The battle between pro Nutri-score MEPs and Italy keeps raging on

Green MEP Michèle Rivasi leads the coalition of MEPs who wants to make the Nutri-score mandatory at the EU level. [VAN DE VEL-EP]

A group of MEPs on Wednesday (15 January) spoke out against a fake news campaign by Italian politicians and stakeholders about the nutrition label known as Nutri-score, calling for it to be compulsory for all food manufacturers in the EU.

At a press conference held in Strasbourg on Wednesday, Green lawmaker Michèle Rivasi, who leads the coalition of MEPs supporting the Nutri-score, raised the stake identifying the new EU’s food policy, the Farm 2 Fork (F2F) strategy, as the perfect political framework to introduce an EU-wide nutritional label system.

On the same page was Croatian MEP for the socialist group, Biljana Borzan, who said that as MEPs they are going to ask the Commission to come up with a broad food labelling mechanism that includes nutritional aspects, in the context of the European Green Deal.

But according to Rivasi, there shouldn’t be a political instrumentalisation of the nutritional labelling and “fake news campaign” as it is already happening in Italy, where nationalist politicians like Matteo Salvini oppose the system.

Nutri-score has become a campaign issue in the run-up to elections in Emilia-Romagna, an Italian region whose local products might be affected by the proposed label.

The nutritional value of products is converted into a code consisting of five letters, from A to E, each with its own ‘traffic-light’ colour.

The system assigns a low score to foods with high energy content, saturated fat, high quantity of sugar or salt, rewarding the presence of fibres, proteins and percentage of fruit and vegetables instead.

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Addressing the plenary, an MEP from the right-wing Lega, Silvia Sardone, showed that a well-known product from Emilia-Romagna, the Parma ham, has received the letter D assigned with the colour orange because it is high in salt, while another processed canned sausage received a green badge, meaning it’s healthy.

“My group will raise barricades and move war in this House to safeguard healthy products, and therefore, Made in Italy ones,” she concluded.

Lega’s leader Salvini has also attacked Nutri-score, condemning it as being part of a ‘secret plan’ conceived in Brussels to damage the reputation of Italian food.

“A vote for Lega is a vote to defend our farmers’ products such as Parmigiano Reggiano or Parma ham, which someone in Brussels defines as dangerous,” Salvini wrote on his Twitter account.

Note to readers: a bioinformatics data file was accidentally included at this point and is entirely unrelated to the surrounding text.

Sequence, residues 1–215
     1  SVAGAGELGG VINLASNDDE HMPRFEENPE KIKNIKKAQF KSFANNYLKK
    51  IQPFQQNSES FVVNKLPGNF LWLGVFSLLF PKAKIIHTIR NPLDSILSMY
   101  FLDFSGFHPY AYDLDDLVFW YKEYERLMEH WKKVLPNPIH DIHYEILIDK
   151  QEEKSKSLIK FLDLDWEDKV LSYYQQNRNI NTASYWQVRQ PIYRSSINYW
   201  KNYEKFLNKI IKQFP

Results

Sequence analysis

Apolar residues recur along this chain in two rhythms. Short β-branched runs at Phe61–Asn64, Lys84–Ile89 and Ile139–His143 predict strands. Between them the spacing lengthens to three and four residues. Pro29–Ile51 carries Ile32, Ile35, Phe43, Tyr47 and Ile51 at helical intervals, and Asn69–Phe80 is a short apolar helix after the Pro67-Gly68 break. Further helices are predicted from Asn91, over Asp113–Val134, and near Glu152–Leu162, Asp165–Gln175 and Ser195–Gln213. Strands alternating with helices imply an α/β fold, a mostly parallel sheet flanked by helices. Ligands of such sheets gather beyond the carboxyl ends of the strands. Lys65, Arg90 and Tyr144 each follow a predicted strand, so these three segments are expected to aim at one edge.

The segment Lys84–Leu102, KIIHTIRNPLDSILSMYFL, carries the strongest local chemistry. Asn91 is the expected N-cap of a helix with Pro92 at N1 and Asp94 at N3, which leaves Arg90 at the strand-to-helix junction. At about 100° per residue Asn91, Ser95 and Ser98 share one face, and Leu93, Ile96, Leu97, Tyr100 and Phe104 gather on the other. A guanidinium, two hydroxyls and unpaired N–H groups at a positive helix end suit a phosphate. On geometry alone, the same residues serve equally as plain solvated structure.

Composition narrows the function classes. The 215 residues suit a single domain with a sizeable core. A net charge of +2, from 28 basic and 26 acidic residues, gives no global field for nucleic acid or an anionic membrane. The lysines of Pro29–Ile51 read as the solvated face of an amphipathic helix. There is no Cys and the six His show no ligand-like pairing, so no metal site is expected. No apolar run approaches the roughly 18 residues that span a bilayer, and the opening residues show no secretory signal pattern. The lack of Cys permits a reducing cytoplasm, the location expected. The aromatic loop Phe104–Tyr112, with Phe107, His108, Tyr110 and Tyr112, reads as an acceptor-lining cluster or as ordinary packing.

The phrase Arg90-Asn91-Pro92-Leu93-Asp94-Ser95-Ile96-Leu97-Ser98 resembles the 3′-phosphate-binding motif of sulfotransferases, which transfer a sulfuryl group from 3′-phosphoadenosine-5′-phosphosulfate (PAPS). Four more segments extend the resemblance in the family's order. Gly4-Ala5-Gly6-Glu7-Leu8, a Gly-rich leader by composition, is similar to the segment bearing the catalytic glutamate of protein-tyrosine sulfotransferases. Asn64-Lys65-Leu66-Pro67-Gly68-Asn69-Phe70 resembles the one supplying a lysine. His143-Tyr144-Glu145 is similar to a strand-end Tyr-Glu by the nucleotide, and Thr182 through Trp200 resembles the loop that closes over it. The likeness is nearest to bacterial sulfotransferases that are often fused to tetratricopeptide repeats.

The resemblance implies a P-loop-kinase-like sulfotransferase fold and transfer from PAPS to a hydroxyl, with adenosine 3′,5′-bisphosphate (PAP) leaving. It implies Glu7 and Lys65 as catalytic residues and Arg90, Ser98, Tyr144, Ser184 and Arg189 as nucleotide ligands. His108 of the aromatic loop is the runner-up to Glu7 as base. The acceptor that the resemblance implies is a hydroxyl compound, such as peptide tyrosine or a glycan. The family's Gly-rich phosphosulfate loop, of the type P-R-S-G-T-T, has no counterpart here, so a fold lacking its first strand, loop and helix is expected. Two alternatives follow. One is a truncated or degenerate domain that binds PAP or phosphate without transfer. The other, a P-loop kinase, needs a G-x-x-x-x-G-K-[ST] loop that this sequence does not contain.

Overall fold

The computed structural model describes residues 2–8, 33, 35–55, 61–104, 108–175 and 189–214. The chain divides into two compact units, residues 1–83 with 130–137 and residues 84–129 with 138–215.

However, Italy’s Agriculture Minister Teresa Bellanova has shown herself to reject the entire concept behind the Nutri-score, as it wouldn’t provide  full information to the consumer, who should know exactly what each food contains instead

“We’re now buying some time at the EU level because we want to convince other member states to adopt our ‘battery’ label,” she recently said in an interview to La Stampa daily.

The entire Italian agri-food system backs the battery scheme, which tries to give consumers the nutritional information based on the recommended daily intake.

Although challenged by Italy, the Nutri-score is currently the only nutritional label system tested in supermarkets’ aisles, enjoying a timing advantage in comparison to the battery system.

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Lawmakers from the Greens and the socialist group in the European Parliament push on Nutriscore to provide citizens with the EU-wide nutritional label system that is currently lacking. But potential discrepancies between the system and environmental policy are still open.

Serge Hercberg, a professor of nutrition at the University of Paris 13, considered the father of Nutri-score, was invited to the press conference to dismiss charges that Nutri-score is biased against the Mediterranean diet.

The main complaint from the Italian side is that extra virgin oil, which is an essential product in the Mediterranean diet, is classified with the letter D and the colour orange.

“But along with rapeseed oil, it has the highest score among vegetable fats, so we’re saying it should be preferred,” Hercberg pointed out.

As the bad ranking of olive oil is often compared by the Italians to the fact that sugar-free Coke received the letter A, he said that this kind of comparison does not make sense as fats should be compared with fats only. “You can’t dress a salad with Coke,” he said.

Hercberg added that some typical Italian products such as rice and polenta, are actually well ranked and that when it comes to cheese, mozzarella and ricotta have a high score.

(Edited by Benjamin Fox)

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